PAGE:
IPA’s Global Strategy Group (GSG) is a team of former officers from the U.S. Departments of State, Defense, Treasury, Commerce, Justice, the U.S. Agency for International Development, the FBI, and the private sector. They are a team of experts in foreign affairs, global security, interagency and intergovernmental cooperation. Emphasizing a comprehensive, whole-of-government approach, the GSG provides solutions by designing, planning and executing scenario-supported wargames and experiments addressing complex emerging security challenges.

The GSG has produced and delivered numerous reports and handbooks on best practices for civil-military, interagency, and host-country cooperation. The topics range from conflict prevention and mitigation to post-conflict stabilization and reconstruction. The team has also provided extensive support to NATO in moving toward the implementation of the Alliance’s Strategic Concept.

On May 14, Turkey will hold a presidential election that some observers consider to be the most important election of the year. Powerful incumbent President Recep Tayyip Erdogan has been in power for 20 years, including both as president and prime minister. His challenger is opposition leader Kemal Kilicdaroglu, who promises a more western-leaning, democratic administration. Turkey is strategically located between Europe and Asia, is a NATO member, and controls the tremendously important straits that give ships access from the Black Sea to other international waterways. The crucial election takes place against a backdrop of an economic crisis, growing irritation with the 3.5 million Syrian refugees who reside in Turkey, continued challenges due to the devastating February earthquake, and the war in Ukraine.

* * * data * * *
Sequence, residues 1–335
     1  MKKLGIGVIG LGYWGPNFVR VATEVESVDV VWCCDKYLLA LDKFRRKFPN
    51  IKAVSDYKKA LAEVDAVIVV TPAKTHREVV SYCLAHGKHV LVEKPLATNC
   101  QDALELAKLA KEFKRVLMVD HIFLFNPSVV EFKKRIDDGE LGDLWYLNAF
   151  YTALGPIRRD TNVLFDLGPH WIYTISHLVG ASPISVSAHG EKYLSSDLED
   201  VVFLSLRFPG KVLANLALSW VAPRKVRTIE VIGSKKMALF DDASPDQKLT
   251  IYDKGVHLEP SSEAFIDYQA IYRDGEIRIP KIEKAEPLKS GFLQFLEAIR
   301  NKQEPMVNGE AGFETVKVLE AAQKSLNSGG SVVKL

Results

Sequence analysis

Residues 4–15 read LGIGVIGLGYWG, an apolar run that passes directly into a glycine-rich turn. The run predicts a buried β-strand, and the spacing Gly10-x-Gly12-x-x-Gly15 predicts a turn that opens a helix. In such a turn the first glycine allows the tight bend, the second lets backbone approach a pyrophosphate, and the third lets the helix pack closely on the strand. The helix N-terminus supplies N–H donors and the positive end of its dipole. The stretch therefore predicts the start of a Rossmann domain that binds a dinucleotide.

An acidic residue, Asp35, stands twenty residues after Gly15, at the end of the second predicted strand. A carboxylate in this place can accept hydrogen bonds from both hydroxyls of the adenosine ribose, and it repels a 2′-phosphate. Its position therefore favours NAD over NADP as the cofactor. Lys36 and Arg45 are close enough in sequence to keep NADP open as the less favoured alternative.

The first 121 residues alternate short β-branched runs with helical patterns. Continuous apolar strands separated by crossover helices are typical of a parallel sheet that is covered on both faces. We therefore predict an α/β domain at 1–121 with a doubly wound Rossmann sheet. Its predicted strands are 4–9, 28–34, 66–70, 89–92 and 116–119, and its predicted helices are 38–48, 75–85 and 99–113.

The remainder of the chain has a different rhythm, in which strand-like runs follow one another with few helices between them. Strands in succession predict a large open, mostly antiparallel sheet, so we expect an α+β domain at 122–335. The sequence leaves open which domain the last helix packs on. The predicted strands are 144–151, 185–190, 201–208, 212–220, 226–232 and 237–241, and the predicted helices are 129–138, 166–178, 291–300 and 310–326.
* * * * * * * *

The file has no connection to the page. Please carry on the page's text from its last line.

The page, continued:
"Turkey Elections: Erdogan and Kilicdaroglu Offer Stark Choices for Presidency" - BBC

"After more than 20 years in power, Recep Tayyip Erdogan promises a strong, multilateral Turkey and the creation of six million jobs, and accuses the West of trying to bring him down. His chief rival, Kemal Kilicdaroglu, backed by a broad opposition, wants to steer this Nato member state back towards a pro-Western, more democratic stance. The president accuses his opponents of being "pro-LGBT", while his Islamist-rooted party positions itself as on the side of the family."


"What You Need to Know Ahead of Turkey's Election" - Foreign Policy


"The Turkish Elections and the Future of Northwest Syria: Scenarios and Policy Implications" - Middle East Institute


Syria, Middle East, Map, Globe, Iraq

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